You complain about the Loews name compared to AMC. They are the same since AMC bought Loews or merged. You should have been in the Boston area in the 40’s-60’s when we had both the Loews State & Loews Orpheum along with all the downtown, West End and other suburban E.M. Lowes theatres. They were not related. Then at one time Loews bought out USA(SACK) cinemas and most of the E.M. Lowes theatres became Indies or were torn down or just closed and left to rot.
Why were the original presentations of Cinerama at the Strand in Vancouver shown for such short durations? Most cities had them for up to a year or longer. Was it the fact that Seattle wasn’t that far away and people had already seen them?
P.S. The Morton was an N.E.T. not an E.M. Lowes. The N.E.T. theatres were kept in good shape but the E.M. Lowes were left to minimum Maint. You saw Gabby Hayew in 1955 was most likely at the Fields Corner. The only live acts at the Dot were the RATS. The Dot and the Adams had dish nites. I remember my mother making sure she went to the Dot I believe every Mon night to get her dish. She very seldom went to the Adams. It was too far to walk. We lived next to Cosgroves Milk Plant. It was between Gibson & Park St. Technically we lived on Christopher Ct a dirt road which was not an accepted St then. They paved it a bout 1-2 yrs after we moved. Our mailing address was 310 Adams St. The 3 family cold water building was torn down down years later.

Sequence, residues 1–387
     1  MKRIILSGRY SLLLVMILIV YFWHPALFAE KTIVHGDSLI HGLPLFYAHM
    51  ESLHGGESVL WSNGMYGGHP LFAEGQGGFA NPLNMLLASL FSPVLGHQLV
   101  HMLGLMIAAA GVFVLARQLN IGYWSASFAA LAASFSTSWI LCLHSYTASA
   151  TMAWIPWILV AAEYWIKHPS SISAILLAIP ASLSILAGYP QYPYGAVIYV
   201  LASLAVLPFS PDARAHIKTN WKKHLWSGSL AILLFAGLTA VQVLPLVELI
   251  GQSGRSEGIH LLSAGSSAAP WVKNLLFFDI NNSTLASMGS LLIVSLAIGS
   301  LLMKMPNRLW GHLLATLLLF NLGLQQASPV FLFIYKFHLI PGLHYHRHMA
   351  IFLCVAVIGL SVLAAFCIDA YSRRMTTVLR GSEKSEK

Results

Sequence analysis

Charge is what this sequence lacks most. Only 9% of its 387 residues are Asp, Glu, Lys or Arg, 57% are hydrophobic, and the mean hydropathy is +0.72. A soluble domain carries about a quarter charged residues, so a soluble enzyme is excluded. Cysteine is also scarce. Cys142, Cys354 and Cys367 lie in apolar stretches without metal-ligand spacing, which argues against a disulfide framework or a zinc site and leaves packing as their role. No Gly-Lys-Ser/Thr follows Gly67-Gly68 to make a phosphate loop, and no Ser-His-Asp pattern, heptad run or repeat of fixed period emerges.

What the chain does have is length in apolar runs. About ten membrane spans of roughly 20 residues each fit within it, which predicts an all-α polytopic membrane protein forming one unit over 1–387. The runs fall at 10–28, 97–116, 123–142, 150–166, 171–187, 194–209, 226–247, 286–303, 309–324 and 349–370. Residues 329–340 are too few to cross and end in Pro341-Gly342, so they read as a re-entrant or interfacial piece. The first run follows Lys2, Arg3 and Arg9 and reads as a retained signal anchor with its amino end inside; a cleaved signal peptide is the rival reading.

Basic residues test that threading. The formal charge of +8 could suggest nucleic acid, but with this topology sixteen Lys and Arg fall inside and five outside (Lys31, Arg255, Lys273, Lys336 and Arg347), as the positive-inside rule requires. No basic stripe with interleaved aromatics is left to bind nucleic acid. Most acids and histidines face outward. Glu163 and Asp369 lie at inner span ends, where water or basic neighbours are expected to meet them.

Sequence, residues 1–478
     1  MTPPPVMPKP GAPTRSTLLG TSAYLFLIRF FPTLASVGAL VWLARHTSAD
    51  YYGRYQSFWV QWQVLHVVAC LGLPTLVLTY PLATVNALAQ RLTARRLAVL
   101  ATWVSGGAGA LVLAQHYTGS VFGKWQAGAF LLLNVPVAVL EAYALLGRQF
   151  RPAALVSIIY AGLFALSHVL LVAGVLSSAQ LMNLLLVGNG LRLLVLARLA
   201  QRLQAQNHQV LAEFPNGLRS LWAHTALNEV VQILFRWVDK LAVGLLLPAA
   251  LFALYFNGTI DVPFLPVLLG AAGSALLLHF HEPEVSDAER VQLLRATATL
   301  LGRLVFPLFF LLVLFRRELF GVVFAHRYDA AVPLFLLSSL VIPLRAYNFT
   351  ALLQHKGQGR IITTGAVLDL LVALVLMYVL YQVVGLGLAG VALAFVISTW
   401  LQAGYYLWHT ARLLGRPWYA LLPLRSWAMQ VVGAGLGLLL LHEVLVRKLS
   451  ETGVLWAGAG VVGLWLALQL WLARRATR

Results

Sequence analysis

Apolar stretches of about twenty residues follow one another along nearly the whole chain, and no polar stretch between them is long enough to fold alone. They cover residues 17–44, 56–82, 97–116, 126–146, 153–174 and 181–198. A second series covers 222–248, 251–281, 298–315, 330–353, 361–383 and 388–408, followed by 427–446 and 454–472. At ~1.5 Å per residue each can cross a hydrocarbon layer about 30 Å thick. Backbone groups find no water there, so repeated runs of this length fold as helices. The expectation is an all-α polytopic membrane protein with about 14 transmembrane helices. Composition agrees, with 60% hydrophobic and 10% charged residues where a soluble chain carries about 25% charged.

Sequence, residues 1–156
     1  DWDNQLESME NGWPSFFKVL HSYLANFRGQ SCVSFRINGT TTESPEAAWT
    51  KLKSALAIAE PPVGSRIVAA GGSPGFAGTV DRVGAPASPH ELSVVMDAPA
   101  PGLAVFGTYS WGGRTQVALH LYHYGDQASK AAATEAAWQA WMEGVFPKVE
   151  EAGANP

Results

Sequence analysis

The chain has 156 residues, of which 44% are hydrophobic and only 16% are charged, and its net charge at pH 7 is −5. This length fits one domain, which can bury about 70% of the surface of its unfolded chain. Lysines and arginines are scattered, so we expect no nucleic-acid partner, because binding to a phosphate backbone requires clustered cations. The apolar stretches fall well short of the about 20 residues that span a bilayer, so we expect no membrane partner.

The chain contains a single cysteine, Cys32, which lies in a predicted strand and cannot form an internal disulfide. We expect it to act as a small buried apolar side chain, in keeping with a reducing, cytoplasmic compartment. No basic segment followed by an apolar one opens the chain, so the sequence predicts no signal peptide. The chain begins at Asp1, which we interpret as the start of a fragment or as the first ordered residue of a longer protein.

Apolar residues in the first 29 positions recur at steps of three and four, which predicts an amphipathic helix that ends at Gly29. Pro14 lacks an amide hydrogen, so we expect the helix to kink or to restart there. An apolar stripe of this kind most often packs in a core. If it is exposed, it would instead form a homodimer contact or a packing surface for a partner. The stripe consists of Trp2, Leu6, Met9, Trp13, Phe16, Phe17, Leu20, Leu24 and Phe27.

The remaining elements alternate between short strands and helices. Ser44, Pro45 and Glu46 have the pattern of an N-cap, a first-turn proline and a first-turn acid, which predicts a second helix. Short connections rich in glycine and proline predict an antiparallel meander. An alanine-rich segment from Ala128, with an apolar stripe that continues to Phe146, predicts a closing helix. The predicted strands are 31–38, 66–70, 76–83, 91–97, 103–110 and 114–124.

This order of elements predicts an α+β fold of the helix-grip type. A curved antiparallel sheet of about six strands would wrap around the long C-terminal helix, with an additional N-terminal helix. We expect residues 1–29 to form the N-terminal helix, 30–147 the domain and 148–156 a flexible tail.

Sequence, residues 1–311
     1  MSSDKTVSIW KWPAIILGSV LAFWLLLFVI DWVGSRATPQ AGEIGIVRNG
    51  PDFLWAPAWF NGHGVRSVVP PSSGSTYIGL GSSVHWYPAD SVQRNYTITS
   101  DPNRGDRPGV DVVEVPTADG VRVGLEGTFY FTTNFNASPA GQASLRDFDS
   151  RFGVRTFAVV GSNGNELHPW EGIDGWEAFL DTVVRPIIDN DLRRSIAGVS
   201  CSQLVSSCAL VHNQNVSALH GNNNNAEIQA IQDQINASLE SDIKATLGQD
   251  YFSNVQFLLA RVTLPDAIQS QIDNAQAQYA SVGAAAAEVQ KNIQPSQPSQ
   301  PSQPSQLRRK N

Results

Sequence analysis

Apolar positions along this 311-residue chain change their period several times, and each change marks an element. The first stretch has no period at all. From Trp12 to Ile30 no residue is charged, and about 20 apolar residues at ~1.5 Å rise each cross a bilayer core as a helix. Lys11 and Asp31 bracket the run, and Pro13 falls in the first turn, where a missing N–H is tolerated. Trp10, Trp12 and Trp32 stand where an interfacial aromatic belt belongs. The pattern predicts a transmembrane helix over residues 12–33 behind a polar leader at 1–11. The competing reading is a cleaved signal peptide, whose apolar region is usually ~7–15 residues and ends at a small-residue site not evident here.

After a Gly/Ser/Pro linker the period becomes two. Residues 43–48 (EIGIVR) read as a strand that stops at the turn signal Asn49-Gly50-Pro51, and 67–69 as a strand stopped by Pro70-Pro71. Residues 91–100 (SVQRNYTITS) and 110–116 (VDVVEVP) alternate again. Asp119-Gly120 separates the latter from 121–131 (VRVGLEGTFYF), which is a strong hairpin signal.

Jim. Are you sure that the Fields Corner & the Adams theatres were only 10cents. I had been going to both since 1948 and they were 25 cents the whole time I went there. The Dorchester (Park) on Dot Ave & Park St was only 10cents. The Dot was 3rd or 4th run and the Fields Corner and Adams were 2nd run after leaving Downtown Boston. I moved from the area in Feb 1952 and went to Scituate where the Playhouse was 1st run and 25 cents.
The soap box racers and bike race pre movie events were on Sat matinees along with a 3 sStooges short and a couple of cartoons plus a western and some other movie. Probably a Sci-Fi only at the Dorchester and other E.M. Lowes theatres not at the N.E.T. theatres. Those theatres were the Strand, Uphams Corner, the Oriental. I believe that the other Lowes were the Morton? and Eggleston.
Correction. The picture shown is correct. The Keiths was eventually dropped and it became the RKO Boston then the Boston Cinerama. The RKO Keiths became The RKO Keiths became the RKO Keiths Memorial at some point. Then it became the Savoy under Sack which let it rot.
To King Biscuit. 7 Wonders of the world played here in Boston for a totalof 76 weeks also. 64 on its 1st time and then on a return visit of 12 more weeks. What I am surprised at is Windjammer. iT OPENED HERE IN bOSTON 2 weeks after St Louis. It only played there for 11 weeks. Here in Boston its 1st run was for 33 weeks and its 2nd week was for 23 weeks for a total of 56 weeks. The Boston Cinerama(our only Cinerama theatre) showed Cinerama both 3 strip & 70mm for 20 yrs with only a short break to show the road show version of Far from the maddening Crowd in 70mm blowup for a few weeks. I believe that Boston was the only city that had Cinerama in one theatre for that long.